(Orlando, Fla.) Raymond James & Associates President Dennis Zank doesn't mince words when it comes to how the traditional brokerage's recruiting and growth efforts are going. "We continue to kill it," says Zank, who met with 360 of the firm's 1,000-plus advisors at the group's recent development conference, held in late July at Disneyworld.
The St. Petersburg, Fla.-based full-service brokerage, which is part of 4,800-advisor strong Raymond James Financial, attracted 142 experienced advisors in the fiscal year ended September 30, 2005. In the first nine months of the current fiscal year, 149 signed on at an average yearly production level of over $500,000. And more reps continue to join from firms like Morgan Stanley.
At this pace, says Zank, RJA could add 160 experienced reps and $80 million in production -- a nearly 75 percent increase over last year's $46 million. He's visited with 276 potential hires in the nine months ended June 30, a big jump from the 162 who visited in the same year-ago period. "I meet with all those coming through St. Petersburg, if I'm in the office and I'm breathing," shares the executive.
"This is the perfect storm for us," says Zank, a native of Bloomfield Hills, Mich., who joined the firm in 1978 after graduating from college.
The explanation for RJA's current success, he says, is two-fold. "As an organization, we continue to believe that the advisor owns his or her book of business. That, combined with the flexibility and ease of transitioning between our different channels, makes for a very powerful pair of motivators."
In addition, Raymond James' stock price has been on the rise -- up more than 10 percent through early August -- and there's a strong possibility that the firm could be bought for a nice price, experts note.
Raymond James' Advisor Choice program, rolled out officially in 2004, gives advisors the choice of affiliating with the firm as a traditional employee, independent employee, independent contractor (Raymond James Financial Services), independent RIA or as part of a bank/credit union.
Some reps are initially drawn to the idea of going independent, Zank and other RJA execs say, but then back off from making that move when they better understand what's involved in running their own business -- day in, day out.
RJA provides its advisors "with the tools they need, like technology, to run their business, and we get out of their way," says Zank. "We don't tell the size of the account they should have and things like that. We're like a hospital, and the advisor is the doctor."
As part of Raymond James Financial, RJA gives its advisors access to a research department and bank, for instance. "This could mean an advisor captures an extra point or two of upside for the client on an investment," says Zank. "That can be a big deal for both the advisor and the client."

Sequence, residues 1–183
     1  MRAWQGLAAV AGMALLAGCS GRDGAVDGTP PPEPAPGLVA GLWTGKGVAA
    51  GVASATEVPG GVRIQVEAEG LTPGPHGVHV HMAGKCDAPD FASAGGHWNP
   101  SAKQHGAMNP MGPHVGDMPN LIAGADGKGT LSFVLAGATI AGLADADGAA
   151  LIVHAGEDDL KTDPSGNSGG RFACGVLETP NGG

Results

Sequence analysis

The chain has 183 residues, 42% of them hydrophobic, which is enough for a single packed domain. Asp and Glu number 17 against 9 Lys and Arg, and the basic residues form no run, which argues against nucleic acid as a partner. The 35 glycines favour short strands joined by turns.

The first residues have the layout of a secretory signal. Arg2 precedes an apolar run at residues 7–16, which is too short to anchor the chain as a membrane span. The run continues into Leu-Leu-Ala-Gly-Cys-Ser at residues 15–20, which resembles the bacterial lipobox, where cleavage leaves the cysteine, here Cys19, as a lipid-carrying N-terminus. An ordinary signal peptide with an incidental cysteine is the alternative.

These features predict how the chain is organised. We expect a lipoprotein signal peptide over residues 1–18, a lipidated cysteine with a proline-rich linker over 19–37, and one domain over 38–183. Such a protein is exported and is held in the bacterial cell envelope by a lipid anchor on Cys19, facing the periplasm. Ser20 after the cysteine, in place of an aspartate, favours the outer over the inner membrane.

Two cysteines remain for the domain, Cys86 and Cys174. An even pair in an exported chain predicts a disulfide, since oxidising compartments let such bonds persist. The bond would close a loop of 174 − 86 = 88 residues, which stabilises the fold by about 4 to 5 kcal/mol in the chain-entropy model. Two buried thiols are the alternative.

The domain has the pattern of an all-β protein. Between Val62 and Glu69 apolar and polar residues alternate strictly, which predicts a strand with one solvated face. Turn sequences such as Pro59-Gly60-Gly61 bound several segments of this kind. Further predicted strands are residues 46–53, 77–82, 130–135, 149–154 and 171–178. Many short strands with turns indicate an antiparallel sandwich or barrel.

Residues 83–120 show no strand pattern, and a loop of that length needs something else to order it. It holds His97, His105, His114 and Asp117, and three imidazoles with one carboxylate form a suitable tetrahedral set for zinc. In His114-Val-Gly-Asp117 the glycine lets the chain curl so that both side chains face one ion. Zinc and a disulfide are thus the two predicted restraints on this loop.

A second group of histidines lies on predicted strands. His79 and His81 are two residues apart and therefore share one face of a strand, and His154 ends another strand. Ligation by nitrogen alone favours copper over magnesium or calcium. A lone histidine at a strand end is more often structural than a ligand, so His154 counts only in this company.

RJA also is trying to raise its capability for its most elite producers. Though most RJA reps produce from $500,000 to $5 million annually, there are some with even higher sales and a very high-net-worth focus.
"We have to have the capability to support these large producers," Zank acknowledges. "We have and continue to package an ultra-high-net-worth capability. It is a priority in '06 as we attract advisors with bigger, higher books of business, which can be based on one or two ultra-high-net-worth relationships."
Fred Whaley, managing director of wealth services, has been leading up this effort. "We are building a support team with dedicated financial advisors to serve financial advisors" who want to look more closely at alternative investments, trust services, etc., he says.
"They really do look a lot like a wirehouse and therefore are attractive to wirehouse brokers," shares Chip Roame of Tiburon Strategic Advisors, an industry consulting firm. "They're in a unique position relative to their peers." Most industry players of this size have been bought up, he adds.
Meanwhile, RJA has a very strong presence in a booming part of the country. "It's a good proposition to be selling," Roame concludes. "They've got the right footprint."
This success, though, does appear to be testing the brokerage firm's limits, or at least, the image it wants to maintain of itself. "My job is to grow the firm in a logical manner that continues to protect the culture of the firm," Zank says. And, like running a hospital, this is no easy feat. "We face demands for new systems that are necessary for us to grow. But we don't want to grow too quickly. That can hurt."